Diary of a Madman
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The title of this film might lead one to believe it was based on the Nicolai Gogol story (adapted to film in 1990). Actually, it has nothing to do with that work but was taken instead from several Guy de Maupassant stories, primarily "The Horla." Vincent Price plays a 19th-century law enforcement officer who kills a vicious murderer in self-defense. As a result, he becomes possessed by an evil spirit, a "horla," that plagued the dead man. The spirit turns him into a murderer, too, although there is a suggestion that the superstition has merely given Price license to let loose the evil buried inside him. After several gruesome killings, the possessed man discovers the spirit can only be conquered by fire and sets about to destroy the "horla" in the only way he can.
Master of the arched eyebrow and sardonic smile, Price actually had a long and varied career on stage and screen before he began his successful association with producer Roger Corman in 1960. After a string of hits based on the stories of Edgar Allan Poe, Price was established as the cinema's top horror star, joining the ranks of screen-chiller legends Lon Chaney, Boris Karloff, and Bela Lugosi. In real life, he was an erudite and witty man, a published author, noted gourmet, and art connoisseur.
Nancy Kovack recalled in Science Fiction Stars and Horror Heroes by Tom Weaver that Price "was very respectful and I found that unusual. I knew that I wasn't known, and yet he was very respectful of me and kindly - he didn't have to be....I remember that just before the scene where he kills me with the knife, Vincent Price was tickling me and I was laughing, and I couldn't stop after that!"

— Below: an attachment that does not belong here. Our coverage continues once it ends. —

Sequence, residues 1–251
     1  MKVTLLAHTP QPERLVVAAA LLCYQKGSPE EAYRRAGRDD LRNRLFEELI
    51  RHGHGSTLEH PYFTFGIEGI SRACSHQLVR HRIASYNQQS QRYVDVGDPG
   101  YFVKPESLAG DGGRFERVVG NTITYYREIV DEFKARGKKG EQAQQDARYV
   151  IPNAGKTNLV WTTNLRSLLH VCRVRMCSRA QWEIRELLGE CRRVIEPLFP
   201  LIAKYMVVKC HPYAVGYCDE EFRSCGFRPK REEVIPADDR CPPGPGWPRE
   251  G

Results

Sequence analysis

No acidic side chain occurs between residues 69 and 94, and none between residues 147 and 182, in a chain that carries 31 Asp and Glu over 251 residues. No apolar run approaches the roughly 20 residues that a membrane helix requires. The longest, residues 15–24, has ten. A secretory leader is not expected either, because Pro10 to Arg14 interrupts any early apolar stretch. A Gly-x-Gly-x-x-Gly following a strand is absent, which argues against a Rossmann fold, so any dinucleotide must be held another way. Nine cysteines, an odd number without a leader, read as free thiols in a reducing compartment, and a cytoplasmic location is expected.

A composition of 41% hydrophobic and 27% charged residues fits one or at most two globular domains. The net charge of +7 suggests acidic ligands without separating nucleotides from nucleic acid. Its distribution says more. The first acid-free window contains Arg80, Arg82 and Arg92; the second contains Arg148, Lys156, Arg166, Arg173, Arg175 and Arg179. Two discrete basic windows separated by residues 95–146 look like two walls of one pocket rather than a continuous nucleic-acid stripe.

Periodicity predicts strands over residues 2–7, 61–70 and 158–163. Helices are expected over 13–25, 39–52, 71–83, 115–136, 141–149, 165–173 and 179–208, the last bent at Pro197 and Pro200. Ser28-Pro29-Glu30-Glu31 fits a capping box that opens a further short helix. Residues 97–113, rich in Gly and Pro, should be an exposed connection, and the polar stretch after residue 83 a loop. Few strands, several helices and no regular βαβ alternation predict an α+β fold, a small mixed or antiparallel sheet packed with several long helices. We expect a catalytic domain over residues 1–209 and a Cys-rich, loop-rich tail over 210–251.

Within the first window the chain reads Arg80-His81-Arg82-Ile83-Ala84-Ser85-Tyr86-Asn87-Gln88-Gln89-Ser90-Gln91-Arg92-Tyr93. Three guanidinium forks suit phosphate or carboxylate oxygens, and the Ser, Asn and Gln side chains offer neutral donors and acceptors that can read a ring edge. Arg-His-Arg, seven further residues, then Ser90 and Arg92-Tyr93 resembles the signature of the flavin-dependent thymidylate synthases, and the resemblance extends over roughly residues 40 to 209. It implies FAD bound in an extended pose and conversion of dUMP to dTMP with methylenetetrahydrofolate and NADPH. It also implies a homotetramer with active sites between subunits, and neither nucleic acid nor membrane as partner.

Diary of a Madman was directed by Reginald Le Borg, and with a name like that it seemed only natural he would be destined for fame as a purveyor of screen horror. Educated at the University of Vienna, the Sorbonne in Paris, and New York's Columbia University, Le Borg began his directing career in 1943, working in just about every genre from musicals to Westerns to light comedies. While no one would mistake Le Borg as an "auteur" director, he nevertheless had a facility for establishing a sense of place and character motivation, which served him well in two horror pictures, The Black Sleep (1956), starring Basil Rathbone, and Voodoo Island (1957), with Karloff. His last work was So Evil, My Sister (1972), a trashy psychological thriller starring Susan Strasberg and Faith Domergue. Regarding Diary of a Madman, Le Borg later said in an interview with writer Tom Weaver that he felt the picture "came out very well - except for the voice of the Horla, which I wanted to distort quite a bit. We made a test of the voice, the way I wanted it, and (producer) Eddie Small said, 'I can't understand a word!' He wanted the Horla to speak normally, which was wrong."
Despite the low budget, one of the most appealing aspects of Diary of a Madman is Daniel Haller's set design and art direction. Haller had been Corman's chief art director and production designer since the mid-50s, providing the look of Little Shop of Horrors (1960), The Pit and the Pendulum (1961), and The Raven (1963). He turned director with Die, Monster, Die! (1965) and later worked mostly in television.
Producer: Robert E. Kent, Edward Small
Director: Reginald Le Borg
Screenplay: Robert E. Kent, based on stories by Guy de Maupassant
Cinematography: Ellis W. Carter
Editing: Grant Whytock
Art Direction: Daniel Haller
Music: Richard LaSalle
Cast: Vincent Price (Simon Cordier), Nancy Kovack (Odette), Chris Warfield (Paul DuClasse), Elaine Devry (Jeanne D'Arville), Ian Wolfe (Pierre), Stephen Roberts (Captain Robert Rennedon).
by Rob Nixon & Jeff Stafford